Dr. Gary Asher: Collaborating with the Division of Gastroenterology and School of Pharmacy at UNC to test the pharmacokinetics and pharmacodynamics of curcumin, a dietary supplement derived from Turmeric root. The goal is to show the efficacy of curcumin to prevent colorectal cancer in people who are at high risk.
Dr. Sylvia Becker-Dreps: Research focuses on childhood diarrhea and the effectiveness of the rotavirus vaccine in Nicaragua, Central America. In Nicaragua, as in much of the developing world, diarrhea is among the leading causes of childhood mortality (rotavirus infection is the most common cause of childhood diarrhea worldwide). Our study includes determining the effectiveness of rotavirus immunization in the primary care setting and in the community. As an example, in one of our studies, we have followed a randomized sample of 640 children in the community over the course of the year in order to determine the incidence of diarrhea and of diarrhea etiologies.
Dr. Timothy Daaleman: Research focuses on vulnerable adult care and determining ways to improve the quality of care and reduce costs for dually eligible (Medicare/Medicaid) participants. He is also the Principal Investigator of an NIH study that examines the feasibility and efficacy of a software application to improve older patient-physician communication in primary care.
Drs. Katrina Donahue and Jacqueline Halladay: The overall objective of this study is to evaluate the adoption and process of transformational change in primary care practices belonging to the North Carolina Improving Performance in Practice program (NC IPIP), examine how specific components of the change relate to key health outcomes and explore environmental, organizational and financial conditions that are conducive to transformational change. The ultimate goal and the significance of this study is to describe the transformation process and arrive at a set of implementable recommendations that can be shared broadly (at local, state and national levels) to assist individual practices and health care organizations moving toward the Patient-Centered Medical Home model.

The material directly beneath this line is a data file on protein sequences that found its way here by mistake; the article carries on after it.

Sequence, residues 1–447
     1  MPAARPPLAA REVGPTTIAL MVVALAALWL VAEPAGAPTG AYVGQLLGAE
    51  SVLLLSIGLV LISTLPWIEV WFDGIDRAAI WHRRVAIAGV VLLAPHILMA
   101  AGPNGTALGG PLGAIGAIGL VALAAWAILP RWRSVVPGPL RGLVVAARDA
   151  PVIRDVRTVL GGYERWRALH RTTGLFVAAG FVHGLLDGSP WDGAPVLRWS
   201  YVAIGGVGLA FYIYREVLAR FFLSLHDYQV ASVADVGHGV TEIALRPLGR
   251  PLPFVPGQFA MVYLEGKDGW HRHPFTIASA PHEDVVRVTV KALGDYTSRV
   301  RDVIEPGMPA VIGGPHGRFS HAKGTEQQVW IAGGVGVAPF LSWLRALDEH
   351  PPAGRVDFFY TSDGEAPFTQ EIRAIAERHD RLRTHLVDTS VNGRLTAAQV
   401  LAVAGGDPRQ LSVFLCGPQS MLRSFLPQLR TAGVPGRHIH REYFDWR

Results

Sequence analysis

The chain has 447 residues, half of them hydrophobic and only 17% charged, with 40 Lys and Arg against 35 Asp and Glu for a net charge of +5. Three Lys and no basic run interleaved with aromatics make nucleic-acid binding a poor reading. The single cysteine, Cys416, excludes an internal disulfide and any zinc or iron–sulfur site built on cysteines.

Dr. Adam Goldstein: The Tobacco Prevention and Evaluation Program (Adam Goldstein, MD, MPH, Director) integrates comprehensive tobacco prevention and cessation services and research (http://www.tpep.unc.edu). A multidisciplinary team of researchers and clinicians work to identify and disseminate effective strategies for clinic- and hospital-based cessation services and to strengthen North Carolina’s $17 million tobacco prevention initiatives through applied research and evaluation. As cancer remains North Carolina’s number one cause of death, the Program’s research is an integral part of UNC Health Care and Family Medicine’s fight against cancer.
Dr. Margaret Gourlay: Research program focuses on osteoporosis and fracture prevention. Dr. Gourlay has collaborated with investigators in the Study of Osteoporotic Fractures to conduct analyses of osteoporosis risk assessment and bone density testing. The long-term objective of these studies is to help develop an osteoporosis screening protocol for postmenopausal women and men.
Dr. Christine Kistler: Research focuses on clinical decision making in older adults and the appropriateness of those medical decisions. She is currently examining older adults' preferences towards colorectal cancer screening through discrete choice experiments. She is also participating in a study to examine the appropriateness of antibiotic usage in long-term care communities.